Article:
Archive for April, 2010

New Massachusetts Security Law Passed For Databases

Tuesday, April 27th, 2010

In case you haven’t heard about the new Massachusetts state law regarding consumer or client information in databases, you can read about it here, at Information Week, or just Google for “Massachusetts data security law”. And if you haven’t read about, then I strongly suggest you do. This is one of those instances where I believe their heart is in the right place, even if the execution/implementation wasn’t perfect.
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Should I Mock Kernel#exit

Monday, April 26th, 2010

I don’t know what the right answer is, so any insight would be appreciated. From Googling around, I came across this thread on StackOverflow which talks about Validating exits and aborts in Rspec. I have a few issues with this, namely that I am using shoulda and I don’t want to validate the exit, I want to stop it from happening inside of the test.
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ColorTail Gem

Tuesday, April 20th, 2010

One of the best ways to learn something new is to find a project in that realm and do it. I wanted to learn Ruby on Rails, so I wrote a web site. I wanted to learn Python, so I did a project in it for work. Now I want to get better at Ruby, so I wrote a gem. It’s usually not as simple as just picking a project though. It’s much easier to pick and complete a project if you are filling a need. So that’s what I did, I filled a need.
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A Few Words About Setting Up Postfix Multi Instance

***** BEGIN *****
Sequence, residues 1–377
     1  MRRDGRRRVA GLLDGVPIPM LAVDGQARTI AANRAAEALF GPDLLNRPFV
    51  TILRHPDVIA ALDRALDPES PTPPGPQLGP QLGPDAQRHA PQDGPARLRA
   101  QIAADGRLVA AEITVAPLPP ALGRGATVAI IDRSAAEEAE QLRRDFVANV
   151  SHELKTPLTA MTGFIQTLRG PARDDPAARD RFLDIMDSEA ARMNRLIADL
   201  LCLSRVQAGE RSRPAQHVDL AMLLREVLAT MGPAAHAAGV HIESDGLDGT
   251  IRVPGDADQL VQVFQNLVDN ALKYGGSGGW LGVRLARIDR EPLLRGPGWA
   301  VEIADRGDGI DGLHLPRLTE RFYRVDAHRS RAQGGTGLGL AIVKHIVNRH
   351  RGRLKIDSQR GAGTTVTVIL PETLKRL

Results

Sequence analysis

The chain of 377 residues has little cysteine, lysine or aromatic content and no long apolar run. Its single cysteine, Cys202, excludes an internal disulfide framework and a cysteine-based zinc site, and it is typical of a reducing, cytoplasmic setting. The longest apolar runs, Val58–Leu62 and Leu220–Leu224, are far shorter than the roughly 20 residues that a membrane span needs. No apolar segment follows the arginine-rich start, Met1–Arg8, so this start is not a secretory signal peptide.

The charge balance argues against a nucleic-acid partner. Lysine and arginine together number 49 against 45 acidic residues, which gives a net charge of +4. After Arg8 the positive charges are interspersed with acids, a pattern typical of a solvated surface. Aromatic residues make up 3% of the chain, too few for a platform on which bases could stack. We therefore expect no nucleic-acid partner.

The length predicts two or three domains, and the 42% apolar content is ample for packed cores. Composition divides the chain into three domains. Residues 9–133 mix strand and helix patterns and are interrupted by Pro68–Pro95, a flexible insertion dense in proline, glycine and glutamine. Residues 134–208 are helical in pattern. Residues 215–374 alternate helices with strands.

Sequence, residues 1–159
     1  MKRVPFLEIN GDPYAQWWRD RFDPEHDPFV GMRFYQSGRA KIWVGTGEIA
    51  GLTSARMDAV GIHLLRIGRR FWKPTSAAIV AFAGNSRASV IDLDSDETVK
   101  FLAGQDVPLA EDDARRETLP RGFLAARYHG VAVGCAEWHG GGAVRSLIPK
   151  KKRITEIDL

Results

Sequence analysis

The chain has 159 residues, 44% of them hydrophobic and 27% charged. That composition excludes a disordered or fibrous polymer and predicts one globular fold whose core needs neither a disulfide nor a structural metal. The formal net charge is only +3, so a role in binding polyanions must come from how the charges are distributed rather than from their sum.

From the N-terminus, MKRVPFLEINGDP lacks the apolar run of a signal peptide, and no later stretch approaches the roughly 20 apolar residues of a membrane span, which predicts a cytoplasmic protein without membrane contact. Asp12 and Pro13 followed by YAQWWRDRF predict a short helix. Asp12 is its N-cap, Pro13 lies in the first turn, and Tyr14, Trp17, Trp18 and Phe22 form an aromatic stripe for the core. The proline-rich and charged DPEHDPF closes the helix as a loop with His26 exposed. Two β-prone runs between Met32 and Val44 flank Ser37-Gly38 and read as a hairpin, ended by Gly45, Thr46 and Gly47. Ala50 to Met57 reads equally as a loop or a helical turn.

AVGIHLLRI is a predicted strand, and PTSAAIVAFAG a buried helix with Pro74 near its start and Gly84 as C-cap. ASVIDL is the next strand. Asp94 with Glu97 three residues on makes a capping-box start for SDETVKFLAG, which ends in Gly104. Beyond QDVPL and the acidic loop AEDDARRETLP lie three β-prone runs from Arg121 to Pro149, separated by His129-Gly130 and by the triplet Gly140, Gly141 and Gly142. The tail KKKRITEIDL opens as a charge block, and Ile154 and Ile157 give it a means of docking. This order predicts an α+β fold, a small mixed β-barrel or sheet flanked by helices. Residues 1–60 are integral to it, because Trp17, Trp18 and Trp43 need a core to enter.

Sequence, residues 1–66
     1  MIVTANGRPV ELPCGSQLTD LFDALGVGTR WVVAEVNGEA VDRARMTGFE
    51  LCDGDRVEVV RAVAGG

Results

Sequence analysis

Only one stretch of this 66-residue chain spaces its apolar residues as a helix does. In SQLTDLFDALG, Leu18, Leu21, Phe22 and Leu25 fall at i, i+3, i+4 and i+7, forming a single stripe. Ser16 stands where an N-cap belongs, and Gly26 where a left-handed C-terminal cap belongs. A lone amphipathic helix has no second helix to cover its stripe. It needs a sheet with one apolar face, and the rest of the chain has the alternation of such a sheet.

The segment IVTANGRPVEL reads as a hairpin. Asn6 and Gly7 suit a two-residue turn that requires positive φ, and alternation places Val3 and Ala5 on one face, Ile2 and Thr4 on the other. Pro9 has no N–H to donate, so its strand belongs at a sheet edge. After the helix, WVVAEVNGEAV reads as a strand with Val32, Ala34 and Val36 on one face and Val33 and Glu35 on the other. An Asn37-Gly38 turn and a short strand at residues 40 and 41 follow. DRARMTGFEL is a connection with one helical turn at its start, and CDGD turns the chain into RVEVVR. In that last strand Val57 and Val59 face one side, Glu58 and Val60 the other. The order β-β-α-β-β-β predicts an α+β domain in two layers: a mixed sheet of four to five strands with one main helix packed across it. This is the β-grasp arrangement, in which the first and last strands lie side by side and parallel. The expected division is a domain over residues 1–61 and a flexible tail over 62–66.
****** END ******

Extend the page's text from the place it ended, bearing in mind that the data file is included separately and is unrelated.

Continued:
Monday, April 12th, 2010

I work with email and Postfix. On every mailing machine I have Postfix setup on, I have at least 2 instances, sometimes more (in fact, sometimes its as many as 6 instances). I was recently setting up a new set of mailers and decided to give Postfix multi-instance seutp a try. It was excellent. There really isn’t too many complex setups that have a simple installation. And to that end, I give Postfix credit where credit is due. It usually takes a little more than just following the README.
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Monitoring Services with Nagios::Plugin

Wednesday, April 7th, 2010

There are a lot of people who say, “if it isn’t monitored, then it isn’t a service.” The problem is that I don’t think enough people outside of the systems world believe that or even understand why its said. I think the primary offenders here are developers. It isn’t because they don’t know better, but typically developers just want to get the application up and running and then move on to developing the next thing. I also think there is some fault on the side of the administrators and the managers not insisting that part of the completed version of a project includes monitoring. But I don’t want to harp on this as much as I would like to show just how easy it is to compensate here by taking advantage of Nagios::Plugin.
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Capistrano Hangs on Mac OS X Leopard

Monday, April 5th, 2010

I use Capistrano to deploy my webapps and have been for a while. I also deploy right from my laptop quite frequently. So I was a little taken aback when I could deploy in one place and not in another. It turned out that Capistrano was having issues with deploying to multiple servers. In fact, it turned out that the problem had the appearance of being Capistrano, but in actuality, it was Net-SSH. The whole issue can be tracked via the Lighthouse ticket here. I’m going to show you how to diagnose if you have this problem faster and how to fix it.
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